College baseball teams use their best starting pitchers for weekend games against conference opponents, and nonconference matchups in the middle of the week often are high-scoring affairs dominated by the hitters.
But on Tuesday, North Carolina sophomore right-hander Patrick Johnson delivered a midweek masterpiece.
Making just his third start of the season, Johnson no-hit the potent East Carolina offense for 6 1/3 innings -- striking out a career-high 11 batters and combining with four relievers to limit the Pirates to four hits in a 3-1 victory at UNC's Boshamer Stadium.
The 15th-ranked Pirates (25-6) came into the game ranked eighth nationally with a .361 team batting average, but Johnson kept the Bucs off balance until he left after giving up a line-drive single to Devin Harris with one out in the seventh.
"When I threw that pitch [to Harris] ... I threw it right down the middle and he hit it," Johnson said. "I knew it was a base hit."
Johnson, who improved to 2-0, has a fastball that hits 90 mph and throws a slider and occasional changeup. They were all working on Tuesday.
"People have been talking about how good [ECU] can hit, and they have not liked Carolina," Johnson said. "It just gets you pumped up to pitch against them.
"I felt like I could hit my spots in any count."
The fourth-ranked Tar Heels (25-7), didn't muster much offense against East Carolina either, getting just six hits and no earned runs against Patrick Somers, Bailey Daniels and Kevin Brandt. But the Heels took advantage of four ECU errors to score three unearned runs.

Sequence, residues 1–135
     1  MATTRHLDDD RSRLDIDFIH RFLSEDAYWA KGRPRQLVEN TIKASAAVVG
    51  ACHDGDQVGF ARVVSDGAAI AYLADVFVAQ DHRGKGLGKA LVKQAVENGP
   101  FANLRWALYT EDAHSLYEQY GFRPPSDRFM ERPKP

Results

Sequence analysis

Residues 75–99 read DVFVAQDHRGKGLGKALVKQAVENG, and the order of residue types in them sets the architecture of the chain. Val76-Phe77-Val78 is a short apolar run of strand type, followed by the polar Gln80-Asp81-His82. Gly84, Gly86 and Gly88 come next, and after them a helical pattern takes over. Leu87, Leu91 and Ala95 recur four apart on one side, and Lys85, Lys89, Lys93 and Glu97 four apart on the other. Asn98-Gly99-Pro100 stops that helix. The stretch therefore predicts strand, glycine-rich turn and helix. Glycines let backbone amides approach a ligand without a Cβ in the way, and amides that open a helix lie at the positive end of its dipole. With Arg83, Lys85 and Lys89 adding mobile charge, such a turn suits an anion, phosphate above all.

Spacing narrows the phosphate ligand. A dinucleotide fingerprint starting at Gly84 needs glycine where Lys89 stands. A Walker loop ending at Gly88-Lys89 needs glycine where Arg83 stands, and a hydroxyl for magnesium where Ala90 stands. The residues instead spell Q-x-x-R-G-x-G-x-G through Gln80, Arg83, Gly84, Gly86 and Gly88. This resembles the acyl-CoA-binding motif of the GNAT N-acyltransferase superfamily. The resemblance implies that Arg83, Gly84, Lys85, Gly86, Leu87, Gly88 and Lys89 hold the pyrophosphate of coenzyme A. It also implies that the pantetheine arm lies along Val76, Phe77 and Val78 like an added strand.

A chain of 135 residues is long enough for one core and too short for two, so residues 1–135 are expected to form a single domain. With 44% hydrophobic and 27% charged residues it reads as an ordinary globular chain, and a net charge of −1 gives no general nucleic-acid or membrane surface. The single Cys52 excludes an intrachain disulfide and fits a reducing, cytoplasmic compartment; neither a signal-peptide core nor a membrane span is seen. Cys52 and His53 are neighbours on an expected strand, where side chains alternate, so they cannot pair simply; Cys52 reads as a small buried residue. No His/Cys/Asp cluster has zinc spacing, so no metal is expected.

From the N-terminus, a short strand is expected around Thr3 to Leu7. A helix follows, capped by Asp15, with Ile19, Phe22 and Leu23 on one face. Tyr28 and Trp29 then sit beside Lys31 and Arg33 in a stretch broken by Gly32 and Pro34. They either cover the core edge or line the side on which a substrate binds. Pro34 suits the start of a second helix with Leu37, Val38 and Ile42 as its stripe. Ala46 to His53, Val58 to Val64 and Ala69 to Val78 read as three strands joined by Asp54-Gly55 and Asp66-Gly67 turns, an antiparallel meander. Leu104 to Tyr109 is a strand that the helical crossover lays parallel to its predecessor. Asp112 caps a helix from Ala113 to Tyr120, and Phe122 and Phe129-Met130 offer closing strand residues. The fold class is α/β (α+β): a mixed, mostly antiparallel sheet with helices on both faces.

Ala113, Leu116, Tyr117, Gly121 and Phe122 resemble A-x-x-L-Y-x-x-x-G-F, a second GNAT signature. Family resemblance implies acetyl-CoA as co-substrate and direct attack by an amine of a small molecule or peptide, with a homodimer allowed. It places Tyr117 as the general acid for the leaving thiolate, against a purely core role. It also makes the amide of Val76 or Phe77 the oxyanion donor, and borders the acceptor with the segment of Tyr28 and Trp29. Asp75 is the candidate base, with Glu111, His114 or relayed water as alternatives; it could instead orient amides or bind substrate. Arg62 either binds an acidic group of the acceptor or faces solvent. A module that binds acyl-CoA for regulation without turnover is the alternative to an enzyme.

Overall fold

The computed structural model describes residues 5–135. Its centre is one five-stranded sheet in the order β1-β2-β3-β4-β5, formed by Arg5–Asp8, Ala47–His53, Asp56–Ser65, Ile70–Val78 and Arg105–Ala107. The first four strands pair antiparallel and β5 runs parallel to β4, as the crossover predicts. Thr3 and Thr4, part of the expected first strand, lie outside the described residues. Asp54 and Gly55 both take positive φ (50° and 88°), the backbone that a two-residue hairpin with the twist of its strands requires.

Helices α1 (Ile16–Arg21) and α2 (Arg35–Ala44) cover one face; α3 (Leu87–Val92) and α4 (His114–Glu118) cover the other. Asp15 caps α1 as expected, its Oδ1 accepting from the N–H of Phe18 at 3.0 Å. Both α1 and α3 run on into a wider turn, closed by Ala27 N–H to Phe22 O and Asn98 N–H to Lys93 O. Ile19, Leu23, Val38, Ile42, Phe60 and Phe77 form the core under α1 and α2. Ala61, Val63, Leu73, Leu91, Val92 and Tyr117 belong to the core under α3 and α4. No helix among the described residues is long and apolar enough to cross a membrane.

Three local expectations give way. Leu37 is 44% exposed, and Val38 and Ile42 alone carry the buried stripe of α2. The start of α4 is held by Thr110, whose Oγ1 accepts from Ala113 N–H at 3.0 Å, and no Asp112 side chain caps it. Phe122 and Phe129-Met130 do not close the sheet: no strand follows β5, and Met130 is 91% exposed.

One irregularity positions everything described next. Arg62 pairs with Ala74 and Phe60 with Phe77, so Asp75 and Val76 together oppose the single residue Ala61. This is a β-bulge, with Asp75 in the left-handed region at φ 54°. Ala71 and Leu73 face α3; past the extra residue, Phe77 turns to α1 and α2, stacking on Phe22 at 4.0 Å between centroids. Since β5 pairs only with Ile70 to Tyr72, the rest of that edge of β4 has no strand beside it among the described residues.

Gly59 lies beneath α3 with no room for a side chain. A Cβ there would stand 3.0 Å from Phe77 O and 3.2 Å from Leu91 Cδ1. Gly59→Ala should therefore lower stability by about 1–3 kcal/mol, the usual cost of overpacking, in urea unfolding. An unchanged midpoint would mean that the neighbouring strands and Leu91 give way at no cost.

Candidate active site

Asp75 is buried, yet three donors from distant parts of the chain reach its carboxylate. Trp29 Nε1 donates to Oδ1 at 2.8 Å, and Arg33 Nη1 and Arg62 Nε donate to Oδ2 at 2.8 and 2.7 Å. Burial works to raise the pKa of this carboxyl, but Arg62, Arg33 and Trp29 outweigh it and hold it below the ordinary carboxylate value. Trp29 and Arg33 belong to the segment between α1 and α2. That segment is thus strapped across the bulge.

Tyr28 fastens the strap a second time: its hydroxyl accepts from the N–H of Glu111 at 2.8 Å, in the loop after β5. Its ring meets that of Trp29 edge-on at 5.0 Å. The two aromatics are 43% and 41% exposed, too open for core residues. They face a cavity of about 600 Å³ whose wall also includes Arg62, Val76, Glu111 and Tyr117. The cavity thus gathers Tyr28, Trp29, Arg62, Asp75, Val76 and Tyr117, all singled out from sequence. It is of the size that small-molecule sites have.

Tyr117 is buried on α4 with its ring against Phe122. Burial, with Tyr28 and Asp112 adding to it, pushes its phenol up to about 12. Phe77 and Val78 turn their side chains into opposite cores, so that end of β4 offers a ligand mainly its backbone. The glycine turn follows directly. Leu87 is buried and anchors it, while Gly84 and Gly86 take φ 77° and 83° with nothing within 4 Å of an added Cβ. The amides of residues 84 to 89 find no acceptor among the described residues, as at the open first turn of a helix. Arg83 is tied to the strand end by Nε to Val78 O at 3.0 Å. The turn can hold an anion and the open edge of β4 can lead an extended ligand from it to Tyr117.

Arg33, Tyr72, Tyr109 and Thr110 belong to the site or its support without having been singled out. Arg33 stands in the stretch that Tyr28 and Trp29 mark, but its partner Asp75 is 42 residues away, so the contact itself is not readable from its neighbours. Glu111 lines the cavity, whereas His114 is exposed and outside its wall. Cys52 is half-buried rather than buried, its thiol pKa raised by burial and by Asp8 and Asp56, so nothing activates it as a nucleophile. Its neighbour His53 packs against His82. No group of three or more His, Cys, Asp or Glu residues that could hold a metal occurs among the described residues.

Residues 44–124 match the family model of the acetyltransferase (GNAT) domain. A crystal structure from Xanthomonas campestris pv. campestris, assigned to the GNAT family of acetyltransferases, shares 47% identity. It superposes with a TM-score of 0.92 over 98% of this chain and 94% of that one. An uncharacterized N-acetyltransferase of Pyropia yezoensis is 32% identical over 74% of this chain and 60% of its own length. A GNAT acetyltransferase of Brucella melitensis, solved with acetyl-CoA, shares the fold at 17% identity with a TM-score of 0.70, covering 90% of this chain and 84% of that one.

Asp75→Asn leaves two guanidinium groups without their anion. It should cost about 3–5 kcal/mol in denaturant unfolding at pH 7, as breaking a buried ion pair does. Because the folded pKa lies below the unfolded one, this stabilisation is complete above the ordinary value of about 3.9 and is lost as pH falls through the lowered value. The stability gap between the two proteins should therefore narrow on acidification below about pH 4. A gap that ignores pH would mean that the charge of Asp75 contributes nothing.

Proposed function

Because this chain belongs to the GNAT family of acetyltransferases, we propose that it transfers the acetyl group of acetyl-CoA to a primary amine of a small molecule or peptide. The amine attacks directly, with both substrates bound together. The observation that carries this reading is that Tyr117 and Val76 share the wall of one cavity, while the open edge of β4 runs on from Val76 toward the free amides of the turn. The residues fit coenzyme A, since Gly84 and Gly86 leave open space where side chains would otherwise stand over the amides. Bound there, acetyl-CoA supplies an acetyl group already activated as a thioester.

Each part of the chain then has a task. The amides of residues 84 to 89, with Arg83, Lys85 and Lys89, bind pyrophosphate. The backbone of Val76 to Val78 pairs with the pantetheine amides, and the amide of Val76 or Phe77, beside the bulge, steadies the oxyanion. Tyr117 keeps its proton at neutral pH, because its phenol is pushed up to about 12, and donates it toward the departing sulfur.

A two-out error by Harris in right field in the third opened the door for the first two UNC runs. The Heels made it 3-0 in the seventh after Garrett Gore led off and reached on an error and scored on an RBI single by Kyle Seager.
Johnson threw 121 pitches in what UNC coach Mike Fox called his best performance as a Tar Heel. Johnson had thrown five no-hit innings in a win over Princeton earlier this season, but was even better on Tuesday.
"PJ had showed glimpses of that last year," Fox said. "This was his best game by far as a Tar Heel. We needed every one of those strikeouts.
"He had good life and made good pitches when he needed to."
It got interesting in the ninth inning when East Carolina loaded the bases with no outs on a pair of walks and a single by Austin Homan. Dustin Harrington singled to center field to drive in a run, but pinch-runner Cameron Freeman was caught between second and third for the first out. UNC's Logan Munson then got Trent Whitehead to hit into a game-ending double play.
East Carolina coach Billy Godwin lauded Johnson's effort, but was disappointed in his team's mistakes.
"I thought [Johnson] was outstanding," Godwin said. "Certainly our guys just didn't become bad hitters overnight. He was very effective, had some deception. That's a credit to him.
"I was proud of the way our guys fought back, but we made too many errors, too many mistakes from and error standpoint and baserunning to beat a team like North Carolina at North Carolina. ... It's disappointing. We've just got to do a better job of executing."
It was a tough start to a challenging week for the Pirates, who face No. 3 Rice at home this weekend after a game at rival UNC-Wilmington tonight.
"We won't have long to sit on this one," Godwin said. "If you look at some of the losses we've had this year and how we've bounced back. We've got a veteran group of guys and I think they way they'll come out and approach this is let's start another streak."
The Pirates had won five straight and 15 of their past 16 games coming in to Tuesday's showdown with the Tar Heels. But Johnson cooled off the hot Pirates with a midweek masterpiece.